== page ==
There was a lack of coherence in the Budget speech
Kaieteur News – A good example of how to structure a Budget was provided earlier this year by the Chancellor of the UK Treasury. His Budget clearly outlined the government’s priorities and the measures being adopted to achieve these objectives.
The UK Budget identified three main priorities, namely: protecting the jobs and livelihoods of the British people; strengthening public finances; and pushing investment-led recovery from the pandemic.
These priorities determined the structure of the Budget. For all of them, policies were clearly linked with the aim of achieving these objectives.
By contrast, Guyana’s marathon Budget speech lacked that kind of cohesion. He listed six main priorities: 1) keeping the population safe from COVID-19, including spreading the virus, securing treatment and vaccination, when available, and gradually re-opening the economy; 2) ensuring a diverse and resilient productive sector; 3) initiate catalytic infrastructure investment; 4) establishing world-class social services; 5) improve the quality of the public service; and 6) ensuring respect for the Constitution, the rule of law and good governance.
But in terms of linking policies and programs to each of these objectives, the Budget did disappoint. The only exception was in relation to the government’s catalytic infrastructure agenda.
Not listed among the main objectives was the environment. Yet the Low Carbon Development Strategy (LCDS) received honorable mention in the Budget Speech. The PPP / C wants to resurrect the LCDS. It announced that it would revitalize the LCDS and develop it into a comprehensive development strategy. This is an implicit admission, if ever there was, that the original LCDS was never a comprehensive development strategy. It is unclear which of the six main objectives this fits into.
No sooner had the vaccination campaign begun, the government found itself in reply. It had to acquire the Sputnik V vaccines from the United Arab Emirates (instead of Russia) at a price of G $ 800M. In making the announcement, the President noted that adjustments to the Budget would have had to be made to accommodate this, a clear oversight that insufficient provision had been made to accommodate such large expenditure on vaccines.
Disappointingly, the rest of the Budget speech turned into a long diatribe, including much criticism of the previous government, and without unambiguous coherence between these objectives and the many measures announced in the Budget, except for objective three which dealt with them the catalytic investments. But then again, Guyana has been hearing this tune under the PPP for more than a decade.
A recent report in this newspaper informed the public that plant and equipment acquired for generating and using electricity from renewable energy sources is now exempt from value added tax. This would mean that VAT is no longer payable on solar panels, solar lamps, deep cycle batteries, solar generators, solar ovens, solar water heaters, solar refrigerators and freezers, solar air conditioners and inverters.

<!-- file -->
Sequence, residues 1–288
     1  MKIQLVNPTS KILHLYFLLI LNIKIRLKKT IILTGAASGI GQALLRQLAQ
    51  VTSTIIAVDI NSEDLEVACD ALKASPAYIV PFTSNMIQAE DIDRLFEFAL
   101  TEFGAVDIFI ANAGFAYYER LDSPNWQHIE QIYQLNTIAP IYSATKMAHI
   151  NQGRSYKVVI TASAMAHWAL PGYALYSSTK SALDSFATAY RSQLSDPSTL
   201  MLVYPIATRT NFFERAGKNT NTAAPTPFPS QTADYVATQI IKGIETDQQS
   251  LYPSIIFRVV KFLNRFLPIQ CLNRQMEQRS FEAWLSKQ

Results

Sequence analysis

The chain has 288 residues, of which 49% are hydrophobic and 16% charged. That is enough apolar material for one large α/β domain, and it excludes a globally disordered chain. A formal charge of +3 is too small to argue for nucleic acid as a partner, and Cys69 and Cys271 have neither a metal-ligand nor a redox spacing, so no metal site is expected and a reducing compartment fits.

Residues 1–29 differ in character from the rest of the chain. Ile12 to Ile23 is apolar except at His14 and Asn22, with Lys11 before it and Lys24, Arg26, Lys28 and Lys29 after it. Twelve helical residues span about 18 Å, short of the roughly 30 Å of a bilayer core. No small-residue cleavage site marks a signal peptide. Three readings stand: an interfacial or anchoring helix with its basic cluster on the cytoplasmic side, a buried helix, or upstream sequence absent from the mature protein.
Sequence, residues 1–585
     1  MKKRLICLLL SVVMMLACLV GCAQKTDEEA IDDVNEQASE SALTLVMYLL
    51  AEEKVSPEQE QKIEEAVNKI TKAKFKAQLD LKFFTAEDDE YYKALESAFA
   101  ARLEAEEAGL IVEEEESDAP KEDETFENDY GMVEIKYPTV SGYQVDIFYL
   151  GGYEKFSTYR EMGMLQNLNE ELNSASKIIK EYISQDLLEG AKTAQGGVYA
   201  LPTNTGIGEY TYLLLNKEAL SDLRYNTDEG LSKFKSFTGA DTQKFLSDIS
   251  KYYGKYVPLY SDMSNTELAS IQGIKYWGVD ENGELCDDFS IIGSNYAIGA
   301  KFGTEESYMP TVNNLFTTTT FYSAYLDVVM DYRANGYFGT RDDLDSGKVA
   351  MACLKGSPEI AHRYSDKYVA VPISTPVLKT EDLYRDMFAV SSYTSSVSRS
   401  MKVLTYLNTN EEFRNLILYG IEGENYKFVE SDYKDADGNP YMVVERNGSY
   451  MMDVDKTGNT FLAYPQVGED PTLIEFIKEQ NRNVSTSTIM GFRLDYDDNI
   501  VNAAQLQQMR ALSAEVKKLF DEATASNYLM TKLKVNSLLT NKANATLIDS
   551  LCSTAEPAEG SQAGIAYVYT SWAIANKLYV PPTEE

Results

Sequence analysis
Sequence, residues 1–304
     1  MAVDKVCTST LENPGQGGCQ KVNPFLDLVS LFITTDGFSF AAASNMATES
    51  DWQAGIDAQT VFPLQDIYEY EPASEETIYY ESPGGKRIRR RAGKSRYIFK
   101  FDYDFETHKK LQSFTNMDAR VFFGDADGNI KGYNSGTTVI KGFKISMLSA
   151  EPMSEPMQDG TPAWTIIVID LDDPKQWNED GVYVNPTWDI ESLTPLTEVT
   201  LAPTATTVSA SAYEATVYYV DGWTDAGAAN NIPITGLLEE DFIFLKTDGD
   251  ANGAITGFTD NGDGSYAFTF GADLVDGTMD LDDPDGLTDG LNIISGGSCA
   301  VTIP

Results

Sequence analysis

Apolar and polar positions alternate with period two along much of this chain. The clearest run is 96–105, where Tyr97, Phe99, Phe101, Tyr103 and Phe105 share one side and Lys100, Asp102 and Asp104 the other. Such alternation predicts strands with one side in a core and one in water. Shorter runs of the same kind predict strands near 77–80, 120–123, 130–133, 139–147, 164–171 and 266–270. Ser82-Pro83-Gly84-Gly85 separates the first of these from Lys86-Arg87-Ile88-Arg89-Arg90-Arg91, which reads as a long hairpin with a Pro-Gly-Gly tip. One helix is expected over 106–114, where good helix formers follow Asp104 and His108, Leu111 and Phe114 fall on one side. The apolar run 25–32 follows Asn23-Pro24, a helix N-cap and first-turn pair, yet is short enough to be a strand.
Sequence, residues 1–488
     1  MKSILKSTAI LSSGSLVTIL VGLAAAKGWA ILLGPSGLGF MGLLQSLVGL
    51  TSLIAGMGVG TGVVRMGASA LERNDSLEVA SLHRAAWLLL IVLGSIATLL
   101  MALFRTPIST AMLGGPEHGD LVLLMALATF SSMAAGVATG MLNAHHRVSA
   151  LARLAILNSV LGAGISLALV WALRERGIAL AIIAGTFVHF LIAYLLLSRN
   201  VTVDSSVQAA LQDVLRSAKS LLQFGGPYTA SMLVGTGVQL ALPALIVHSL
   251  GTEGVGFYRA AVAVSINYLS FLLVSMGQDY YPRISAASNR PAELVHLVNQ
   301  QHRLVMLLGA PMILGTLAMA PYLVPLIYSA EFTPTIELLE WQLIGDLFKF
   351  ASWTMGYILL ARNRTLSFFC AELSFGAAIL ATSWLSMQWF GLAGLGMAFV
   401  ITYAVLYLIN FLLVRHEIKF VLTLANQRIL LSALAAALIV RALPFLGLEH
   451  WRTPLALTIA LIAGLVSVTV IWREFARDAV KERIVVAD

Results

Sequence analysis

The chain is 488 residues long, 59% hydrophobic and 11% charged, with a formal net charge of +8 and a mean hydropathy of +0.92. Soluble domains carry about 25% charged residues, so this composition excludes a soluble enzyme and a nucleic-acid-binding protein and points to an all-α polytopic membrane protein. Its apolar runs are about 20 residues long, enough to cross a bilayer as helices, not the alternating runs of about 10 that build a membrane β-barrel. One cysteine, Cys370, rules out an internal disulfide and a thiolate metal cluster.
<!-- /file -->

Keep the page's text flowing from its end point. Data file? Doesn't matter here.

Similar exemptions have also been reported to apply to water turbines, wind turbines and energy efficient lighting, including compact fluorescent lamps and LEDs. In addition, the supply of machinery and equipment for the use of alternate energy technologies and renewable energy options, such as gasifiers to use biomass and harness renewable energy through wind, solar and water, as determined by the Commissioner, were also exempt from VAT payments.
Surprisingly, the section dealing with “Measures” to be implemented in 2021 did not mention the removal of VAT on these items. That would fit squarely into the Low Carbon Development Strategy. This really shows the non-contact approach taken in relation to the Budget.
After the Budget was passed, an order reducing the customs taxes on petroleum was passed to facilitate a reduction in the price of petrol at the pumps. Since then, the price has continued to rise. These ad hoc interventions to buffer the price of petrol are not desirable and one would have expected that more attention would have been given in the Budget speech to reducing the floating rate of customs taxes on petroleum as the price rising as the price rose. world market, consumers know what the price will be at the pump. This failure is another example of the disjointed approach to the nation’s financial planning.
The government has previously announced plans to install another 400MW of energy, including through renewable sources. With this target in mind and the fact that the government can easily meet more than half of this target through a mix of renewable energy sources, it is necessary to question why it is necessary to rush a gas project to shore.
Why not take the time to carefully consider not only the feasibility of the project but also whether it would ever be needed in such a small economy. But the answers to those questions are part of the absence of an internal logic not only to the Budget but also to much of what the government says it will do.
(The views expressed in this article are those of the author and do not necessarily reflect the views of this newspaper.)